Watch The New Gilded Age on PBS. See more from The Open Mind.

Mr. Smith Goes to WashingtonI really don't like Frank Capra. This is strange, because he directed one of my very favorite films: It Happened One Night. Even though I am a total softy and I love films that have a nice, gooey center, I find it hard to take Capra's sentimental style. Add to that, Jimmy Stewart—an actor who diminishes any production he is part of (think: Philadelphia Story)—and you really have trouble.

The film that immediately comes to mind is that plague on all our house, It's a Wonderful Life. I swear to you, if it comes down to having to watch this exercise in sentimental extremism and gouging my eyes out, I will start looking to Homer as my artistic ideal.[1] But there is another Capra masterpiece (I do not mean this ironically) that is just as awful: Mr. Smith Goes to Washington. After all these years, I had managed to miss it, so I sat down last night to watch it.

When looking at Frank Capra as a director, it is easy to see that he succeeds despite technique. His films are filled with bad blocking, clunky editing, passable camera work, and uninspired art direction. He seems to do okay with actors, but generally, they do better with other directors. Where he succeeds is in storytelling; he has a knack for it, even when dealing with a problem script. So it isn't surprising that he is at his best when Robert Riskin is writing for him. Riskin did not write Mr. Smith Goes to Washington; Sidney Buchman did, a poor job from an otherwise good writer.

What makes Mr. Smith Goes to Washington so painful to watch is that it is a desperately earnest civics lesson pitched at a second grade level. And the main character played by Stewart isn't a character so much as the personification of the American spirit. We first see him directing a marching band inside his house. Unfortunately, this is the last time we like him.

At the dramatic peak of the film, Senator Paine (played brilliantly by Claude Rains[2]) asks Smith if the corruption to Jim Taylor isn't made up by all the good Paine has done. Smith, with the intellectual maturity of a dull pollywog thinks not. But I disagree, which probably just proves how cynical I am. Politics is a messy business and it always has been. This brings us to the most pernicious aspect of this film for modern audiences.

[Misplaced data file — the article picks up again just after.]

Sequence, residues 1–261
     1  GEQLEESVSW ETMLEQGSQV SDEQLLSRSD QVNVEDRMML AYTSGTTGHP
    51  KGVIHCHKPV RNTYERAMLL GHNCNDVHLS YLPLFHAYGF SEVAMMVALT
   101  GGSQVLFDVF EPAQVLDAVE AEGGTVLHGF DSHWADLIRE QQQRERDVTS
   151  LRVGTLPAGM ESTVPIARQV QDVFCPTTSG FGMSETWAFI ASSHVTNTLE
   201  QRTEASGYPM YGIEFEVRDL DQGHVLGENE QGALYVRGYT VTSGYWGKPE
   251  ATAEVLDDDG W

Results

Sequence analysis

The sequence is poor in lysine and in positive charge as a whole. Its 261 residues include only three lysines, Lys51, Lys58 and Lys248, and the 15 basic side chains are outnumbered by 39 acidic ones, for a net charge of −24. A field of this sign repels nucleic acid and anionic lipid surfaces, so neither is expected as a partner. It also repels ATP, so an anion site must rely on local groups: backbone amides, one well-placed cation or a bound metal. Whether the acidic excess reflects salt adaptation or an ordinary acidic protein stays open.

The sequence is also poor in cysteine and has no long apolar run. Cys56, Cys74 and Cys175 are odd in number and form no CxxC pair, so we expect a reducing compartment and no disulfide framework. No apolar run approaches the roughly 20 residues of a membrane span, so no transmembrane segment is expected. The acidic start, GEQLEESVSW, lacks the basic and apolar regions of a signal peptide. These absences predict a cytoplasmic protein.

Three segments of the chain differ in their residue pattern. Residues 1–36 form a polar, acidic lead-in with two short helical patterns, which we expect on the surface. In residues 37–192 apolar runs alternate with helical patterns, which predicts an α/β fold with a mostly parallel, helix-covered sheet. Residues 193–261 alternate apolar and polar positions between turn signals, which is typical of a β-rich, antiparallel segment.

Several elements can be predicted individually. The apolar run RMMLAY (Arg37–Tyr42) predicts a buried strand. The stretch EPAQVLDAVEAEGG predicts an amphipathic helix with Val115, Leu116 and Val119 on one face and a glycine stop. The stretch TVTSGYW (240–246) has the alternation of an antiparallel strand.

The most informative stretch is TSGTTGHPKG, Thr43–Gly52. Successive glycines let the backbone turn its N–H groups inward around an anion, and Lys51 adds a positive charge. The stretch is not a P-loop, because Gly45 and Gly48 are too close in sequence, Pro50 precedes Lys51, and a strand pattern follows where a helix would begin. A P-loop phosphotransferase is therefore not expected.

It puts forth the conservative lie that legislation is easy: anyone with a true heart can go to Washington and change the place. This goes right along with the conservative myth that there was some glory day of our country when everyone was true and just. It ain't so.

Frank Capra was politically liberal. He cared about social justice. He cared about people! I generally agree with his world view that good will out. I accept that people are basically good. But in modern America, those who don't give a damn about social justice and individual rights use the Capra world to sell their hateful policies. I think the United States is in the bad state it is because their are too many Mr. Smiths who have their naive beliefs in "liberty and justice for all" used against them to elect politicians who want only to redistribute wealth upward.

And that's hard to watch for an hour and a half.

[1] Get it? Because Homer is often thought to have been blind. I suppose Oedipus Rex would have been more direct. "Call me Oedipus." But now that I think of it, most people don't think "gouging eyes out" when they think of him. So a footnote was required.

[2] Jean Arthur and Thomas Mitchell (the drunk doctor in Stagecoach and Scarlett's father in Gone With the Wind) are really good too.

Category: Computer
Posted by: Frank Moraes
I can forgive almost anything. Murder? Rape? Voting Republican? Hey, we all have bad days. But this?! I cannot forgive this:

George Zimmerman Website

Zimmerman should consider himself tried and convicted in the court of "Websites That Sucked 20 Years Ago."

I say hang the bastard.


It turns out that Zimmerman earned $204,000 from this pathetic site!

10 Apr 2012: Cage Does Cage!

Category: Music
Posted by: Frank Moraes
When I was a music major, before I learned that I was no musician, I loved John Cage's work for prepared piano. This will give you a pretty good idea of this kind of music:

John Cage is best known for a piece of music titled 4'33". It consists of one or more performers sitting down at or with their instruments and not playing any notes for four minutes and thirty-three seconds. People often refer to it as 4'33" of silence, but that entirely misses the point of the piece. As you can hear in the following performance of the piece, it is not silent. The point seems to be that any performance of any piece of art is necessarily a different piece of art. Watching the first 30 seconds of this video—Which happens to be the length of the first movement!—will give you the idea (although if you wait to the end, the applause is overwhelming):